Faisalābād, Pakistan
Faisalābād, Pakistan

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Huang C.-L.,Saint Pauls Hospital | Wu-Chou Y.-H.,Human Molecular Genetics Laboratory | Wu-Chou Y.-H.,Chang Gung Memorial Hospital | Lai S.-C.,Chang Gung Memorial Hospital | And 7 more authors.
European Journal of Neurology | Year: 2011

Background and purpose: The association between glucocerebrosidase (GBA) mutations and Parkinson's disease (PD) is attracting increased attention worldwide. In patients of Chinese ethnicity, other than the common L444P mutation, a few mutations have been reported. However, the contribution of GBA to PD can be answered only by a thorough investigation of its mutations in a unique large population. Methods: We enrolled 1747 participants: 967 PD patients and 780 healthy individuals. We screened entire GBA coding regions and exon-intron boundaries in 30 randomly chosen PD patients, followed by testing five variants (L444P, D409H, R120W, L174P, and Q497R) in all participants. The G2385R and R1628P in LRRK2 had been previously studied in almost all participants. Results: In total, 36 patients (3.72%) carried a heterozygous mutant GBA allele (27 L444P, 7 RecNciI, and 2 D409H). Only two controls (0.26%) carried heterozygous GBA mutation (1 L444P and 1 RecNciI). In PD group, the mean age at onset in carriers was younger than in non-carriers. The difference in percentage of mutation frequencies between patients and controls was highly significant for the L444P mutation (P<0.0001). One L444P carrier was also associated with LRRK2 G2385R variant, but no atypical Parkinsonism was observed. Conclusions: The present study ascertains that L444P mutation in GBA gene may contribute to an earlier onset of development of PD in Han/Chinese population. Following LRRK2 variants, GBA is the second most frequent mutations indicated for sporadic PD development in the Han/Chinese population. These GBA carriers are associated with an earlier onset of Parkinsonism. © 2011 The Author(s). European Journal of Neurology © 2011 EFNS.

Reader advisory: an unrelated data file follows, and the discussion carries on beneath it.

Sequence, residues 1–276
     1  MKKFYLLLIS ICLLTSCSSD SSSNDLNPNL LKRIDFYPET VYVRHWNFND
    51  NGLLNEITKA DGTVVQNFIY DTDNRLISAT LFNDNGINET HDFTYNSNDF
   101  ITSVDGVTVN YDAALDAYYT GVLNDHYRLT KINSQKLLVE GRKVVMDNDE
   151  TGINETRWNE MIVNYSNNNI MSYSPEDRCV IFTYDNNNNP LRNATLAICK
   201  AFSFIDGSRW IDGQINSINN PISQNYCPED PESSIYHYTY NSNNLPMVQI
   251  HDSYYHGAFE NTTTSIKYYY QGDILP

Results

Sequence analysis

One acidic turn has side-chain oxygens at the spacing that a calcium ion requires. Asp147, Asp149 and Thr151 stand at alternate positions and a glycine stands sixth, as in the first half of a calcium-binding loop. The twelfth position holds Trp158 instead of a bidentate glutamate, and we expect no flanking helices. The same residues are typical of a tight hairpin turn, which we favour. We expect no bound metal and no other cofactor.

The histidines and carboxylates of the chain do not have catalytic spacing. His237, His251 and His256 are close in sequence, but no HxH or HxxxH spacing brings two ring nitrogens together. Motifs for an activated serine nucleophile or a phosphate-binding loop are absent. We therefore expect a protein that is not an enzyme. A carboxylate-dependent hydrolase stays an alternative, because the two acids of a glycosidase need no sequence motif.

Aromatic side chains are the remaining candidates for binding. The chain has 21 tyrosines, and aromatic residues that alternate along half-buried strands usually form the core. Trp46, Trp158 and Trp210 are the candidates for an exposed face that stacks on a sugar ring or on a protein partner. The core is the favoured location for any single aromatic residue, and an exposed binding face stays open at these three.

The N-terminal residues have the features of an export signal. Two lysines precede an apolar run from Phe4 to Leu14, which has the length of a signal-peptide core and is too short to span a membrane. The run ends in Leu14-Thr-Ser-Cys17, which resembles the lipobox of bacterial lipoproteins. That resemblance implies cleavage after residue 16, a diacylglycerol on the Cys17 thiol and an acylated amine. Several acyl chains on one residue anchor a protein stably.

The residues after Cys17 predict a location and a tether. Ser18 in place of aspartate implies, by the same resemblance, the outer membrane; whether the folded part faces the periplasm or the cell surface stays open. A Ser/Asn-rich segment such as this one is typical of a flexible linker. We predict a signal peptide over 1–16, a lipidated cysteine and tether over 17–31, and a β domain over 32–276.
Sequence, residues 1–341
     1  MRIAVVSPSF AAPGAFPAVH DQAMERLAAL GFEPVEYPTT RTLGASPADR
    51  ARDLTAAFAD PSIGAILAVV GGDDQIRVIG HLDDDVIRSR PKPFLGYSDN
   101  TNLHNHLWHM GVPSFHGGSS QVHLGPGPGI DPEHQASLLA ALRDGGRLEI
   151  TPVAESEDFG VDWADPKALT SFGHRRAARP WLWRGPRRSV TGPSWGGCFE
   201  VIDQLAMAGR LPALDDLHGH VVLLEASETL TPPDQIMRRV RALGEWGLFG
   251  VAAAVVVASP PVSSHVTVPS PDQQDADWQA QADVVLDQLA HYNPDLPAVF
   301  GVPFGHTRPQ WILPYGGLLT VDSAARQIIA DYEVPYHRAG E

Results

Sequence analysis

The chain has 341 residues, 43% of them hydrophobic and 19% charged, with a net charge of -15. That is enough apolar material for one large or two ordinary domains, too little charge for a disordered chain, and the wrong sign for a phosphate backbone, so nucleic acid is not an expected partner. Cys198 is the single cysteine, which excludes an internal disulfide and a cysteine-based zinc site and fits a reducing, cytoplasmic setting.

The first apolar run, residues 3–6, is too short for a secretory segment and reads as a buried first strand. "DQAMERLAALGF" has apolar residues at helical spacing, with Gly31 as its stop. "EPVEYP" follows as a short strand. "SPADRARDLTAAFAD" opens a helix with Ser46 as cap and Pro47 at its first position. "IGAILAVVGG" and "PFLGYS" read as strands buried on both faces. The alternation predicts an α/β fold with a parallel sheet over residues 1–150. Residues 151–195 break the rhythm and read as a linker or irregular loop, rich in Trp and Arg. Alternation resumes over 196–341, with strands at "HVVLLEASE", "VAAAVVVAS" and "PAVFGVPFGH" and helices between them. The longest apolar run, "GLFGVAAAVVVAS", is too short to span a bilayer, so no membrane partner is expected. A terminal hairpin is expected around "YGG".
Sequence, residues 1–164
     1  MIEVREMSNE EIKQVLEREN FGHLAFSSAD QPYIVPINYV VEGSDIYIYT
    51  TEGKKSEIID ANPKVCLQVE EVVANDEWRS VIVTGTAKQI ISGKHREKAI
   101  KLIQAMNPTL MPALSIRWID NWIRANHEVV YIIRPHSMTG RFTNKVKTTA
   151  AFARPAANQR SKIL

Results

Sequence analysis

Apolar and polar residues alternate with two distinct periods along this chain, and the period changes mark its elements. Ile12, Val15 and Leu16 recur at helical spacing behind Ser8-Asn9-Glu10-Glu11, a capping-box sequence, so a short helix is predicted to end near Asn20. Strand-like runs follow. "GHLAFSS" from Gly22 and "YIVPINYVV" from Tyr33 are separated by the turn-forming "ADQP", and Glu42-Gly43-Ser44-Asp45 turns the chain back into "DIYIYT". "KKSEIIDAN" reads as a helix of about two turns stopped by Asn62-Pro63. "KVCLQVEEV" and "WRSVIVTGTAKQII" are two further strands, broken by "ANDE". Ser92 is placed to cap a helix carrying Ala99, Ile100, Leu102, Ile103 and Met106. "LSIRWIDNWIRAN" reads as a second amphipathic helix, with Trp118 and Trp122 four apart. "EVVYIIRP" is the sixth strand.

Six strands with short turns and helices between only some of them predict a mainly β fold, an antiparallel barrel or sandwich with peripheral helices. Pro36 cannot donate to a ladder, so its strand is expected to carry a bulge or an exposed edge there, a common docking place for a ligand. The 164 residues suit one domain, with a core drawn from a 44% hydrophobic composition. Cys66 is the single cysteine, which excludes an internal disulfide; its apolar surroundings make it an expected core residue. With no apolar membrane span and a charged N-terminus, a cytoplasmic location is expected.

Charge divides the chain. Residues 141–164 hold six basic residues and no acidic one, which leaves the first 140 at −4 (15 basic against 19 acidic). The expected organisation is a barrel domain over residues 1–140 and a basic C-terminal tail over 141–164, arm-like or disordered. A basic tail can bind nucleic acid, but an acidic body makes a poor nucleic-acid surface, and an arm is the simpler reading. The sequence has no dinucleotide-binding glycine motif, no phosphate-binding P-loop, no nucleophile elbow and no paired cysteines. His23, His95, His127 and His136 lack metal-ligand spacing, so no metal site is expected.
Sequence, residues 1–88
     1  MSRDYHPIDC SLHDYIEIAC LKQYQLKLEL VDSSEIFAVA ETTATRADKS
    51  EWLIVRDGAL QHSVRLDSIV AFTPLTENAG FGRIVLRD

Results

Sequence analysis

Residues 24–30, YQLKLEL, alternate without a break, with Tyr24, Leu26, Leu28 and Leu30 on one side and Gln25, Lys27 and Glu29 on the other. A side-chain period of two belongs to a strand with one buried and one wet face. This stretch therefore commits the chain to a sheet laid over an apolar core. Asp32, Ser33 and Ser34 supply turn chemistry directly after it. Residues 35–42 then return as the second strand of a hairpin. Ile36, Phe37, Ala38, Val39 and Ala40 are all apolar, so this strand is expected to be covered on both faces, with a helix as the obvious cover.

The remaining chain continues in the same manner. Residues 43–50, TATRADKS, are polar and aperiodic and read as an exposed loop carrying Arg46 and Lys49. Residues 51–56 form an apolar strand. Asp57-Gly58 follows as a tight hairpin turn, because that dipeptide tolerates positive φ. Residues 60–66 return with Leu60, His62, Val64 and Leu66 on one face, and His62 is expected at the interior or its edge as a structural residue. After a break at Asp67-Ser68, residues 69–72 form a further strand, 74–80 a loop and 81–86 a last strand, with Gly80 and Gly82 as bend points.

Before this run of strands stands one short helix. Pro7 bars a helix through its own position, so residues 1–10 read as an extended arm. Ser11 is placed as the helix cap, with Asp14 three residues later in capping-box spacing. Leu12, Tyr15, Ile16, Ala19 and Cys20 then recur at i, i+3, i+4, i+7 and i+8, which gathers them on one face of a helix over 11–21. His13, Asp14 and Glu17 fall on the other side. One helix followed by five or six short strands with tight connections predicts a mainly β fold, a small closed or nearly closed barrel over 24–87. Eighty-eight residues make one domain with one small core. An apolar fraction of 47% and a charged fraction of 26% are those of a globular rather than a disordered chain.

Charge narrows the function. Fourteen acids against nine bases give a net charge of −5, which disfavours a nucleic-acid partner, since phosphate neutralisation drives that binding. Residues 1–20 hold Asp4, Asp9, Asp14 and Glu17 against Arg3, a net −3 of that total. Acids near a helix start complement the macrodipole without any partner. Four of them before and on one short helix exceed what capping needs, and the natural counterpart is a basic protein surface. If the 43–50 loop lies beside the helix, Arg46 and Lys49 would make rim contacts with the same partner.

Said M.B.,Targets for Diagnosis and Therapy Unit | Hmani-Aifa M.,Targets for Diagnosis and Therapy Unit | Amar I.,Targets for Diagnosis and Therapy Unit | Amar I.,University of Science and Technology Houari Boumediene | And 12 more authors.
Genetic Testing and Molecular Biomarkers | Year: 2010

Founder mutations, particularly 35delG in the GJB2 gene, have to a large extent contributed to the high frequency of autosomal recessive nonsyndromic hearing loss (ARNSHL). Mutations in transmembrane channel-like gene 1 (TMC1) cause ARNSHL. The p.R34X mutation is the most frequent known mutation in the TMC1 gene. To study the origin of this mutation and determine whether it arose in a common ancestor, we analyzed 21 polymorphic markers spanning the TMC1 gene in 11 unrelated individuals from Algeria, Iran, Iraq, Lebanon, Pakistan, Tunisia, and Turkey who carry this mutation. In nine individuals, we observed significant linkage disequilibrium between p.R34X and five polymorphic markers within a 220kb interval, suggesting that p.R34X arose from a common founder. We estimated the age of this mutation to be between 1075 and 1900 years, perhaps spreading along the third Hadramaout population movements during the seventh century. A second founder effect was observed in Turkish and Lebanese individuals with markers in a 920kb interval. Screening for the TMC1 p.R34X mutation is indicated in the genetic evaluation of persons with ARNSHL from North African and Southwest Asia. © Copyright 2010, Mary Ann Liebert, Inc. 2010.


Franco H.L.,Human Molecular Genetics Laboratory | Casasnovas J.J.,Human Molecular Genetics Laboratory | Leon R.G.,Maine Medical Center Research Institute | Friesel R.,Maine Medical Center Research Institute | And 3 more authors.